Where Do Hippos Live


If you’re studying hippos, then you probably found yourself asking, “Where do hippos live?”  The hippo is native to Africa, and you’ll find them in eastern and western Africa, depending on which of the two species you’re wondering about.  The large hippo is typically found in the eastern part of the continent, while the pygmy hippo can be found in the western part. 


The hippo is the third largest land mammal, so this plays an important role in the question, “Where do hippos live?”  They require a lot of space, and some peoples in Africa have even taken to thinning out the hippo schools because of how many of the animals are appearing there. 


Hippos usually live in groups, and a group is known as a school.  There can be anywhere from 20 up to 100 hippos in one school.  Each group occupies its own territory, and in the center of that territory is an area where the female and baby hippos live.  The adult males each have their own areas within the territory.  Usually the hippo group’s territory is set up with the center on a sandbar along the bank of a river or shore of a lake.  The males use special paths to get to the place where the females and babies live.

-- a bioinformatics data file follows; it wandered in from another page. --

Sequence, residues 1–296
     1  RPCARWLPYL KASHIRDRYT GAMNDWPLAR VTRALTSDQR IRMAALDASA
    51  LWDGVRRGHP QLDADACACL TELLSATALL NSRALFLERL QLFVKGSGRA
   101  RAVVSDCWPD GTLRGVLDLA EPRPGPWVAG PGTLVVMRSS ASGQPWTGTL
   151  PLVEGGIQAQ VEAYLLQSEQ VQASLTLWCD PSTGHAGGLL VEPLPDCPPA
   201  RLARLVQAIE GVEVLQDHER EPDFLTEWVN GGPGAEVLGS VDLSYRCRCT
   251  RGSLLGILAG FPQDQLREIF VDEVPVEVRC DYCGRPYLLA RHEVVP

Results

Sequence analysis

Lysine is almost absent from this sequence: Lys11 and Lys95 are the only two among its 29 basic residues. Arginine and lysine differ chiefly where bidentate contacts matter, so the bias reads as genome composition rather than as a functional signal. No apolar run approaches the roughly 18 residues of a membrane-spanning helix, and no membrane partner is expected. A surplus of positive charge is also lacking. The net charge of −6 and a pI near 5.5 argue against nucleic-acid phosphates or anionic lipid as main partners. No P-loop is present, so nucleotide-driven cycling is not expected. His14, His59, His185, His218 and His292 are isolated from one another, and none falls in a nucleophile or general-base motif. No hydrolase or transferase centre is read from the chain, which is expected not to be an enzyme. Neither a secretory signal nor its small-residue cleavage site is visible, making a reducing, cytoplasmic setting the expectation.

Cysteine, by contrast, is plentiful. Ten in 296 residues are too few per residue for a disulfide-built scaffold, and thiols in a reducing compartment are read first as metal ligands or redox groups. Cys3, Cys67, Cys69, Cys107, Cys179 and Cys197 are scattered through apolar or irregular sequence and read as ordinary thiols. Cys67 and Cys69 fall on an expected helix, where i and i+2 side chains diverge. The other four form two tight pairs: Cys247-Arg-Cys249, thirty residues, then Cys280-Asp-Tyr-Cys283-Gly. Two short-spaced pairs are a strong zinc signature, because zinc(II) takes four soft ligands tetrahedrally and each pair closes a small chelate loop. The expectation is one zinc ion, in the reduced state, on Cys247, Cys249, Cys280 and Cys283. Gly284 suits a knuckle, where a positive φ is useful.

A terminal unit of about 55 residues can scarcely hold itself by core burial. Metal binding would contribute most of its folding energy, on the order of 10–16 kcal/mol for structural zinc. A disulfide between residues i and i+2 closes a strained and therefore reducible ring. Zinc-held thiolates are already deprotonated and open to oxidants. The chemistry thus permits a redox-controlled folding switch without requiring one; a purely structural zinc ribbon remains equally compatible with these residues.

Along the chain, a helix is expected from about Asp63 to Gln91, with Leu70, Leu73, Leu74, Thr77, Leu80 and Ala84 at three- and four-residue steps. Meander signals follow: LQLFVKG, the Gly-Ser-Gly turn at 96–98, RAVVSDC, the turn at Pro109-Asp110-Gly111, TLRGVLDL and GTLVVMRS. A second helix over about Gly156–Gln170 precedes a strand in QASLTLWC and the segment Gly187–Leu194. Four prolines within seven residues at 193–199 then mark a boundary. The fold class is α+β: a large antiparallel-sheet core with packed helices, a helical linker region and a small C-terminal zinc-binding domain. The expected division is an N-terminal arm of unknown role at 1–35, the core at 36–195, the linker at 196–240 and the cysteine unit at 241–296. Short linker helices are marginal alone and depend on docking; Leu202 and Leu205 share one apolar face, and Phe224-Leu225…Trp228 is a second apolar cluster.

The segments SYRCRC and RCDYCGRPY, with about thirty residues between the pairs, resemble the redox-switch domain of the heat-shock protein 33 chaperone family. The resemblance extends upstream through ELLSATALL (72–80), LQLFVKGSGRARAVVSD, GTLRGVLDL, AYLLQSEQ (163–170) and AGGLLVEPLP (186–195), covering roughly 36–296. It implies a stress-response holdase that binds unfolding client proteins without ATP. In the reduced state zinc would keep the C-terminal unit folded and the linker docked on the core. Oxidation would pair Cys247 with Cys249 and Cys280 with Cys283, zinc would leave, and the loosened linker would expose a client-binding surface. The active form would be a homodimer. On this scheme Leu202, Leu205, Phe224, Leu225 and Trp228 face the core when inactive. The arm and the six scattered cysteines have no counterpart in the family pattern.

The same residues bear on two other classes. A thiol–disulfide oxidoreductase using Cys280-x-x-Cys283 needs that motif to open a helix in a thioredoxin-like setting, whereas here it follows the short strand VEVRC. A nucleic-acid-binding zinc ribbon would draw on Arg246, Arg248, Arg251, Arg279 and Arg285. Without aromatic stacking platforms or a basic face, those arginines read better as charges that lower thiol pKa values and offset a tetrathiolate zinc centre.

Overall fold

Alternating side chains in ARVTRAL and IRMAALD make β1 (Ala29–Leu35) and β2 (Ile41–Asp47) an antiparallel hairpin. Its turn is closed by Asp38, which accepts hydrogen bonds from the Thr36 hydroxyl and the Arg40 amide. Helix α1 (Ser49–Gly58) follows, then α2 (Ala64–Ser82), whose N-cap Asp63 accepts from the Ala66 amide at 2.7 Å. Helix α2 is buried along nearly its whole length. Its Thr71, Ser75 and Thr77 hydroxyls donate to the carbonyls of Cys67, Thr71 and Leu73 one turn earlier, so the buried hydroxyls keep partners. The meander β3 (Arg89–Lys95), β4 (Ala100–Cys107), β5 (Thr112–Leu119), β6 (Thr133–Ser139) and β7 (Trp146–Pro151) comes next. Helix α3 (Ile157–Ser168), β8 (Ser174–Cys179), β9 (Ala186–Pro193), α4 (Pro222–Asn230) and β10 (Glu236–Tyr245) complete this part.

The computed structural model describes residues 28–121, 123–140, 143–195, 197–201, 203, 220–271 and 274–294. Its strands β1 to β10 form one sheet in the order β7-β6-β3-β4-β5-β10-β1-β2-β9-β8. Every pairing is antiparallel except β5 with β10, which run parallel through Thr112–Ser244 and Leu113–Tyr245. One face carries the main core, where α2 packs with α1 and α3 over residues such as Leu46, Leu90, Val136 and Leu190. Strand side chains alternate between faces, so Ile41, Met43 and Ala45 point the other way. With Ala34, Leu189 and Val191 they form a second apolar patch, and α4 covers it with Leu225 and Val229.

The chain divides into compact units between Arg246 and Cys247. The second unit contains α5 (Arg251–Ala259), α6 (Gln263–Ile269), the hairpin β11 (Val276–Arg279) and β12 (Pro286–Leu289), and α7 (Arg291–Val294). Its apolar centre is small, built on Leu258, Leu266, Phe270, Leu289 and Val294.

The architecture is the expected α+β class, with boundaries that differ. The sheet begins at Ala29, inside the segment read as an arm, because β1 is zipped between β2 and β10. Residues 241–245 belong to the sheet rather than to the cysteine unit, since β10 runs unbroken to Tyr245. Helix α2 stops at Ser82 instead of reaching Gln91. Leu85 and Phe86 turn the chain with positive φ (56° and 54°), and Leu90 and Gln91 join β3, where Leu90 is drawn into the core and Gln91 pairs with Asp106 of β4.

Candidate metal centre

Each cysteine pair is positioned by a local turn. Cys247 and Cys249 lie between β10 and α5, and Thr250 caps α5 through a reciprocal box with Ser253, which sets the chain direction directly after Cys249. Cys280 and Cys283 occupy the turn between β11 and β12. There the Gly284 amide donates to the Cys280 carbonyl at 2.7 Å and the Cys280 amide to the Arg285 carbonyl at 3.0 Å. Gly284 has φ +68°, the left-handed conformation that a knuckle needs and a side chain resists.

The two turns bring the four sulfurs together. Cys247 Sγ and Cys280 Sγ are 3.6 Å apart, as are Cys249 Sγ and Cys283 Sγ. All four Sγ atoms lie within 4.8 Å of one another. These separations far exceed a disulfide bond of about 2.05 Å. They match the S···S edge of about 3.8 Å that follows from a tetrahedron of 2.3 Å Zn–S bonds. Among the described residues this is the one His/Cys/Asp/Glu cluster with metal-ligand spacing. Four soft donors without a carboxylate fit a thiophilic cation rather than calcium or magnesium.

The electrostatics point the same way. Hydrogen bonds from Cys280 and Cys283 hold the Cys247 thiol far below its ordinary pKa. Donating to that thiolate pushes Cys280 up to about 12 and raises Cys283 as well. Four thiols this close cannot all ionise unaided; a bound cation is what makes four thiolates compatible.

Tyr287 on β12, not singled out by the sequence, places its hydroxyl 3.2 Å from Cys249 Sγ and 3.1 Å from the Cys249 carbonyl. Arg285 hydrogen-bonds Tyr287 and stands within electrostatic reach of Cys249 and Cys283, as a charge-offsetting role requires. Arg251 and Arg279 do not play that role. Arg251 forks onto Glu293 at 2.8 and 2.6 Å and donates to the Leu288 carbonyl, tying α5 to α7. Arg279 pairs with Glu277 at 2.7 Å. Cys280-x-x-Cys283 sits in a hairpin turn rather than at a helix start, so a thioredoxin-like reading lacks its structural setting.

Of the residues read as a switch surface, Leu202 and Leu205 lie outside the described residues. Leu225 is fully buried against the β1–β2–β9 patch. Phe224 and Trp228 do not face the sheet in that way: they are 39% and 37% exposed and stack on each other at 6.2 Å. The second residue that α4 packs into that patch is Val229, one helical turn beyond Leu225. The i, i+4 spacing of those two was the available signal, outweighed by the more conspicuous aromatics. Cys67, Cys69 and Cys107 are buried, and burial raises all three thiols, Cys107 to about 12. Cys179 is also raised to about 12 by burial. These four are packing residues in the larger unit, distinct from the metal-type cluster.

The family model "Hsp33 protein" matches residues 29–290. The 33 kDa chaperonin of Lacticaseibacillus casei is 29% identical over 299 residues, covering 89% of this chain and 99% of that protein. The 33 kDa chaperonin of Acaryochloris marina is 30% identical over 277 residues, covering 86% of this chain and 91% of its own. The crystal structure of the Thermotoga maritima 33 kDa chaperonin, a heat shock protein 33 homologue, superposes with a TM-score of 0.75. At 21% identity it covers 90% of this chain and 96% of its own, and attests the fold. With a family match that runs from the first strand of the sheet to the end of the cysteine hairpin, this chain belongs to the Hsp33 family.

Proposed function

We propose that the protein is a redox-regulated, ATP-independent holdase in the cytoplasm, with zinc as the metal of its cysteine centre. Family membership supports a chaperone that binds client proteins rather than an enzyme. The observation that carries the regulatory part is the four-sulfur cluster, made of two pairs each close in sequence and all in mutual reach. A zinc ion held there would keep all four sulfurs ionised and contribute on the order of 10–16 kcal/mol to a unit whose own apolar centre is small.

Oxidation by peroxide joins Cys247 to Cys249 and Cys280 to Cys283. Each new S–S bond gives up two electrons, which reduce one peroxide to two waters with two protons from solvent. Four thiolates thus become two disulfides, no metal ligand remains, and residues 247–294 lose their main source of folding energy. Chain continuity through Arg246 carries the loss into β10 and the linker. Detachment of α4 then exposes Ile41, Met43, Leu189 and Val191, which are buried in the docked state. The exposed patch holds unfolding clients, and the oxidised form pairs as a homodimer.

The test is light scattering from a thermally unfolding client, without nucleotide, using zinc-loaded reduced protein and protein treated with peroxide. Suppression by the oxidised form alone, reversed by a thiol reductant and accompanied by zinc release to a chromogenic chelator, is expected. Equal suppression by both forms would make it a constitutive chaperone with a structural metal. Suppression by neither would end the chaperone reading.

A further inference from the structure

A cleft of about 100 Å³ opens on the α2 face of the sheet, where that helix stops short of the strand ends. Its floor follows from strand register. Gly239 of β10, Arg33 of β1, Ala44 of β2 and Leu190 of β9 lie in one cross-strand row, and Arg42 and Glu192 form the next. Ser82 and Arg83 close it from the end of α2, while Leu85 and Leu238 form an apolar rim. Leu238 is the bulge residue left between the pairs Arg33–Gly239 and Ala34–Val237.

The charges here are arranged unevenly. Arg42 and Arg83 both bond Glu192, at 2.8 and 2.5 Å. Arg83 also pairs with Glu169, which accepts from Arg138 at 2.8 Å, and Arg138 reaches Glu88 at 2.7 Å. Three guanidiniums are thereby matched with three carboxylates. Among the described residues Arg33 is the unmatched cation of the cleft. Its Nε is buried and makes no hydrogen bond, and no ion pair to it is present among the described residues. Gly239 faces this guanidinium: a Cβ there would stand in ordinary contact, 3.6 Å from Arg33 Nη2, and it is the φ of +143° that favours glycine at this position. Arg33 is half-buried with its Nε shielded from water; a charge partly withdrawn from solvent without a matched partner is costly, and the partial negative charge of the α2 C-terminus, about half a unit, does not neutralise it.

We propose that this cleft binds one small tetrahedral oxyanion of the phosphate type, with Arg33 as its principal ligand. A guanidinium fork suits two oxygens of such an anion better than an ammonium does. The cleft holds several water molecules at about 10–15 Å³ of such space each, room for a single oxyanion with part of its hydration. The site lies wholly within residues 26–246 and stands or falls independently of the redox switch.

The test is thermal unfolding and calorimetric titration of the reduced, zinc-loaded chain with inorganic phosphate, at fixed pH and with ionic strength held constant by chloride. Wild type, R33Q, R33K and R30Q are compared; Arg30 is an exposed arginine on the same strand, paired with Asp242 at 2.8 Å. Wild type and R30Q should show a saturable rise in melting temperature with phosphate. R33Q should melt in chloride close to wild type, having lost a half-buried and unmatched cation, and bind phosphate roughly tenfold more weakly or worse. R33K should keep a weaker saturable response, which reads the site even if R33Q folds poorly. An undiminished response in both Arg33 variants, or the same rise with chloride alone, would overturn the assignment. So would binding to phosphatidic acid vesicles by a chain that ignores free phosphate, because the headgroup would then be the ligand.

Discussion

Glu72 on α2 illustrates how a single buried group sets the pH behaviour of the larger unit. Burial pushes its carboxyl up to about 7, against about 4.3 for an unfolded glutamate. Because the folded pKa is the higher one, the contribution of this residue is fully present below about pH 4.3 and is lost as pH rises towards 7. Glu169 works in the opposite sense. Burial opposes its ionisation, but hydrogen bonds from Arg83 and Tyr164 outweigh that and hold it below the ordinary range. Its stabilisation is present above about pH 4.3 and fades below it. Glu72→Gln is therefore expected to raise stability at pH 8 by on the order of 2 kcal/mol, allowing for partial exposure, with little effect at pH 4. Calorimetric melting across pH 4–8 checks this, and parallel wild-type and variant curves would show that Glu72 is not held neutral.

Unlike many other species of creatures, the female hippos are actually in charge of the group.  Male hippos leave the inner circle when they become adults, taking up residence outside the circle of males that live in areas around the inner circle.  Each male fights his way for rights to move to the circle of males that’s directly around the females in the center.


Hippos love water, so you will usually see them near some body of water.  Hippos exist in large numbers along the banks of many rivers in Africa, and some also live near lakes.  They are excellent swimmers, although sometimes they just like to take a stroll on the bottom of a lake.  Their large size allows them to walk across some smaller lakes while keeping their head above water the whole way.  Some hippos even spend time completely submerged in water except for their nostrils and the tops of their heads.  Hippos can also stay under water for up to six minutes by closing their nostrils and ears.


Water also plays an important part in the breeding and birth of hippos.  Baby hippos can be born in the water or on the land, but mothers do teach their babies to swim after they are a bit older.  Mothers also use their habitats to protect their young from predators like crocodiles and lions and even older male hippos.    


Hippos are largely herbivores, which means they eat grass and other plants.  This means that their habitat must also include plenty of plant life for easy consumption.  Hippos can even climb very well, so they sometimes climb up very steep hills to find a grassy area to munch on.   Hippos usually spend about four or five hours at night eating and making the rounds of a grassy area while they feed.